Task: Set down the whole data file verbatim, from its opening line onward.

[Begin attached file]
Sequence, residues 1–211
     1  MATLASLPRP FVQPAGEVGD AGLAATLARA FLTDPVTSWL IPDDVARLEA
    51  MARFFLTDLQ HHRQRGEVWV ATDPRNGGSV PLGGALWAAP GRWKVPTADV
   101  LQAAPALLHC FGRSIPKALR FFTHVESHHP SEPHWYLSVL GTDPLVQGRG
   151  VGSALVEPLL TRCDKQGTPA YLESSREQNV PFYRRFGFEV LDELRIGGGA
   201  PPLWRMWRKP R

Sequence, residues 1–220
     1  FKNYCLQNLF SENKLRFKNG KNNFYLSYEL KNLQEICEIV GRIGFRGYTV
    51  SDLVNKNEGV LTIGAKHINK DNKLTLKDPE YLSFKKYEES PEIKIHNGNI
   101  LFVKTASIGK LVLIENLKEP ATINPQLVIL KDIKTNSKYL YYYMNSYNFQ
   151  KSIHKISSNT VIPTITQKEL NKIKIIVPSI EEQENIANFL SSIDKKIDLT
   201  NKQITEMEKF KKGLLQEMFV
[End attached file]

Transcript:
Sequence, residues 1–211
     1  MATLASLPRP FVQPAGEVGD AGLAATLARA FLTDPVTSWL IPDDVARLEA
    51  MARFFLTDLQ HHRQRGEVWV ATDPRNGGSV PLGGALWAAP GRWKVPTADV
   101  LQAAPALLHC FGRSIPKALR FFTHVESHHP SEPHWYLSVL GTDPLVQGRG
   151  VGSALVEPLL TRCDKQGTPA YLESSREQNV PFYRRFGFEV LDELRIGGGA
   201  PPLWRMWRKP R

Sequence, residues 1–220
     1  FKNYCLQNLF SENKLRFKNG KNNFYLSYEL KNLQEICEIV GRIGFRGYTV
    51  SDLVNKNEGV LTIGAKHINK DNKLTLKDPE YLSFKKYEES PEIKIHNGNI
   101  LFVKTASIGK LVLIENLKEP ATINPQLVIL KDIKTNSKYL YYYMNSYNFQ
   151  KSIHKISSNT VIPTITQKEL NKIKIIVPSI EEQENIANFL SSIDKKIDLT
   201  NKQITEMEKF KKGLLQEMFV